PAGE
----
He would make paintings, drawings, and he was a filmmaker too. When they were young, my uncle and my father would shoot films and he would edit them. He used the arts as a platform, took the opportunity to teach our language, teach our cultural lore, our values. He knew that our language was dying out. One of his many sayings was: There is a fire, a bright flame that was lit in the past, it is still burning but the woods are burning out. My job is to put new woods in to keep the fire burning. He was ahead of his time.
Myths and Legends of Torres Strait features illustrated stories from the eastern, western and central islands. One cultural story about Dogai I, a female demon who kidnaps a misbehaving girl and gouges out her eye, was part of your play, My Name Is Jimi. What stories in the book do you find yourself returning to?
One of the stories that really stuck out to me is of Kuiam the warrior. The legacy of Kuiam the warrior speaks to all of us men. Hearing it, my cousins and I had goosebumps all the time.
Kuiam would defend Gumu, his homeland. He would fight hundreds of warriors by himself because he was a loner, and he only had his uncle with him. In Torres Strait Island culture, the aunties and uncles teach the young boys, the young girls. They show them the ropes before they go to the parents or grandparents. The relationship between Kuiam and his uncle Toemagan is key to our lore and Kuiam wouldn’t be who he was without the guidance of his uncle. It speaks volumes to me about being confident within myself. The majority of my films are warrior films and that story gave me permission to be a man.
You’ve played Indigenous cultural heroes who’ve fought to have their rights recognised – such as the resistance fighter Jandamarra and Eddie Mabo, whose courage informs the struggle for land rights. To what extent does your grandfather’s legacy inform your choices as an actor? You’ve been drawn to stories of strong and complicated men.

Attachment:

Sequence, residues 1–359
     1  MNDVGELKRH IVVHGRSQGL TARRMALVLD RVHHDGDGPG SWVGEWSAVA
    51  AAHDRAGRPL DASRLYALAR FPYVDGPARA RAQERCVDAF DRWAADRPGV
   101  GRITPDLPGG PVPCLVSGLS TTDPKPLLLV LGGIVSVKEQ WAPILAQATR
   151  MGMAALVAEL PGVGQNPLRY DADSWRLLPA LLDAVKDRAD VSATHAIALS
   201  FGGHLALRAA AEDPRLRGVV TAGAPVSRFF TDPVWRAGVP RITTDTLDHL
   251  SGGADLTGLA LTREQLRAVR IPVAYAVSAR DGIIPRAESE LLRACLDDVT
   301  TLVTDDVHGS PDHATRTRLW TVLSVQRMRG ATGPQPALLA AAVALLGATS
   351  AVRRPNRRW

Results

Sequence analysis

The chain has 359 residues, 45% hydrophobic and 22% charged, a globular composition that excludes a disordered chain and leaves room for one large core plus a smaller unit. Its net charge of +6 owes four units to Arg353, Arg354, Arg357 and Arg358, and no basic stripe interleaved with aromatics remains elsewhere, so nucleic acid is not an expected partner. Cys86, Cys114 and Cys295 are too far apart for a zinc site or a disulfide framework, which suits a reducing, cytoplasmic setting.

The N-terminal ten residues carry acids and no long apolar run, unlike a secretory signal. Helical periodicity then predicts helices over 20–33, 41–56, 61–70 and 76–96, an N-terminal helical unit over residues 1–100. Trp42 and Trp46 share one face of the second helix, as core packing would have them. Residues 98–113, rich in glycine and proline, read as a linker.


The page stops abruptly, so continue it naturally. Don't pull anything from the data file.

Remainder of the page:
Absolutely! Being part of a leadership bloodline is a responsibility. I found my place within this industry by continuing to put wood on the fire, by creating shows such as My Name Is Jimi and Othello. It is my responsibility to put our stories on stage, keep the stories alive.
It comes down to my spirit. I’m in a complicated position and must navigate through that. I connect with Jandamarra through spirit. You can imagine the passion of the late Uncle Eddie Koiki Mabo. It was deep enough that he followed it through to the end. When you start to figure out what your purpose is, you have to follow it through all the way.
You are starring in The Return, a play by Torres Strait Islander playwright John Harvey that draws from Yorta Yorta man Jason Tamiru’s time as a repatriation worker. Your grandfather famously visited Britain to repatriate artefacts stolen by the anthropologist Alfred Cort Haddon. How did his experiences help you prepare?
It all came down to listening to my grandfather when he talked about the trip and the importance of laying artefacts to rest. That’s why you go over and fight. When Alfred Cort Haddon took all the artefacts, the land was disturbed. When you take our people’s bones back to Country and lay them to rest, you have peace within the community, you have peace within your heart. I think about what the lockdown did for us, for the land, for nature. Nature has had some healing processes. Hopefully the story speaks for itself. In Australia, it is perfect timing.
This article was first published in the print edition of The Saturday Paper on May 28, 2022 as "Jimi Bani".